Chief Tyrol gets caught up in a labor dispute aboard the tylium ship when the workers begin some minor machine sabotage. Roslin and Adama are not amused.
A note to first time BSG watchers; these aren’t the reviews for you. I plan to write about the show with the ending in mind. If you haven’t seen the show, you will be spoiled on stuff that happens at the end. You’ve been warned.
And no, I don’t just mean we’re back to the reviews, although I do hope you get as much enjoyment from reading these as I do from writing them. I mean we’re back to form; after two weaker efforts, my beloved show is back to creating the complex and realistic drama the writers and actors are known for creating.
Here, we get to see some of the real-world problems infecting our characters. On one side of the conflict are the laborers on the tylium ship; they are in vital positions that they are not allowed to leave; they are not allowed time off (because the work always has to get done); and they are tied to their jobs to the point where their children will inherit the jobs when the older generation dies (and at that job, death is a likely possibility).
On the other side are our heroes, Roslin and Adama, who are mostly removed from the peasant class; they say they care about the people’s problems, but really, they don’t have the time to care unless something is going wrong; they have a war to fight (and win), and they can’t afford to try to please everyone; lots of people are suffering, so what makes the tylium ship people so gods-damn special?
Again, yikes. But what makes this episode soar is the weight the writers are willing to give to both sides of the argument. They are not afraid to make our heroes be pragmatically evil, or to make Gaius frakking Baltar look like a good guy with all the answers to fix society’s ills, or to reverse course and show that while Roslin and Adama aren’t being the leaders they should be, they are not unwilling to listen to their opponents.
In some ways, “Dirty Hands” displays some of the tone-deafness of “The Woman King,” where suddenly everyone we love was acting like a jerk to make Helo look awesome. Sure, they ARE acting like jerks, but it’s an evil that’s been sneaking up on them ever since they left New Caprica. They are so focused on the big picture of finding Earth and avoiding the Cylons that the people just stopped mattering.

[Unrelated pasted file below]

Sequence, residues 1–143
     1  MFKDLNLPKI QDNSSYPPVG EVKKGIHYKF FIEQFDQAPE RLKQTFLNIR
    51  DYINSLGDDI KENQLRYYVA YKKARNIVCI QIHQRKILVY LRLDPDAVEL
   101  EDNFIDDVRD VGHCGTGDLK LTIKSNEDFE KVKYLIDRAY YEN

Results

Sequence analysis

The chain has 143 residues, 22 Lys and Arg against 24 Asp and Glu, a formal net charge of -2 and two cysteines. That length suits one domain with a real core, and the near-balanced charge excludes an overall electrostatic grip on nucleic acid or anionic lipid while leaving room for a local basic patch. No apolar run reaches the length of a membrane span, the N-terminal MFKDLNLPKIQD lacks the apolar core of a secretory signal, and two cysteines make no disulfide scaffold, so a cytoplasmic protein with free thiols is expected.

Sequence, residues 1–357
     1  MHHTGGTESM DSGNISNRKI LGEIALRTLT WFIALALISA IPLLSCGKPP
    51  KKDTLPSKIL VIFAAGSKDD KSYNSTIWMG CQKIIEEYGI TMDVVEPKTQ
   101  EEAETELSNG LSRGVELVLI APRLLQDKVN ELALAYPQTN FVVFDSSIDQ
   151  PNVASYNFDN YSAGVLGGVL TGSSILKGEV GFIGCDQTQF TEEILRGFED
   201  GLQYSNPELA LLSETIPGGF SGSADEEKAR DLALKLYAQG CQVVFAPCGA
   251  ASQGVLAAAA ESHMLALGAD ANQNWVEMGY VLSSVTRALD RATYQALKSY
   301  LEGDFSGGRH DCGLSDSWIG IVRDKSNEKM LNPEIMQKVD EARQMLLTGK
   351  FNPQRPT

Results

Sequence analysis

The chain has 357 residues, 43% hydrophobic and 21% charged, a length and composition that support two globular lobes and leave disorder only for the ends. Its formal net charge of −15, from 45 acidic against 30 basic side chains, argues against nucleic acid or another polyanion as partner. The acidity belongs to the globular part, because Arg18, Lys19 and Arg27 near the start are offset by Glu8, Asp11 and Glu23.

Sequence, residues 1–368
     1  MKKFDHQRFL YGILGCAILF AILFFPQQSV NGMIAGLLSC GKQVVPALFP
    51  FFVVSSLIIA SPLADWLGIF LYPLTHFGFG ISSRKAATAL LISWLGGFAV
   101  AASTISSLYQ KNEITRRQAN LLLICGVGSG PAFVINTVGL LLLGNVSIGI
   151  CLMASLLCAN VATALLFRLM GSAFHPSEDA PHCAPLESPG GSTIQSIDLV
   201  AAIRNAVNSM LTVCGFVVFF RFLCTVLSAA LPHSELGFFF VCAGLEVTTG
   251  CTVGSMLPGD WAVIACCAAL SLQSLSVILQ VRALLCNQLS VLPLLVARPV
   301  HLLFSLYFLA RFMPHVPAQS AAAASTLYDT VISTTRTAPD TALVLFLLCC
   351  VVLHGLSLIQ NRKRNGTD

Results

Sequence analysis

The transformation is a bit jarring for us because it’s a bit jarring for Tyrol, who has always loved and respected Roslin and Adama, but when he sees what’s happening to the tylium ship workers, who live, work and die outside the scope of the Galactica and Colonial One, he cannot just let it go. He’s been on both sides of the leader/worker gap, and he knows things are as bad as they because no one will make the effort to make them better.
But see, like his Papadama, he takes things too far too. A strike is really all about getting management’s attention, and he certainly got it, but in the military, strikes are not permitted. Among the civilians, it’s a strong statement, but the military folks are different; they made a vow to abide by their leader’s rules, and Adama was in his rights to order the executions of the strikers.
It was a callous (and well-calculated) move on Adama’s part to push it that far, and it’s also a sign of just how far he has come when he’s using overwhelming force as his only way out of a conflict, but he’s right. He cannot tolerate mutiny, and like he will with Gaeta and Zarek down the line, he ended it. But, fortunately for those of us who still love him, he’s also wise enough to see that Tyrol isn’t going to let it go, and he gives in as much as he can without appearing weak to his men (or his woman).
But end of the day, everyone’s happy, right? Tyrol gets his union back up and running, with probably little-to-no progress on freeing up those workers from the machine’s clutches. Roslin gets to appear to be a “woman of the people,” without having to make any real concessions. And Seelix gets to be a pilot.
Yeah for victory!
I will probably never be able to watch this show without severely disliking Baltar, but damn it all if the man doesn’t have this society pegged down. He’s always been the outsider, even when he was a member of the elite, and now he’s at the perfect place to affect real change in this society desperately in need of it.
And he’s totally right about the emerging aristocracy in the fleet. Case in point: At the end of this season, Lee Adama is allowed to quit his job and go in to politics just because he wants to. Think any of the tylium workers, or the deck crew, have that option?
But, this is the same Baltar who ignored the working men and women when he was running the show on New Caprica. Sad as it is, the short-term memory of the fleet members may be the most realistic part of this episode.
Mary McDonnell! It’s no secret she’s my favorite character, and one of my favorite actors, but this is really one of her finest hours in a series of superb acting achievements. When she’s warm, she’s calculating her next move. When she’s smiling, she looking for a place to strike. When she’s conceding the battle, she’s finding ways to win the war. Really, it’s an astonishing portrait of a leader who has lost faith in her people but not in herself as a supreme leader. And it’s why I love this season (and this show) as much as I do.
Be sure to say goodbye to Starbuck, cuz, you know…
Next up: “Maelstrom”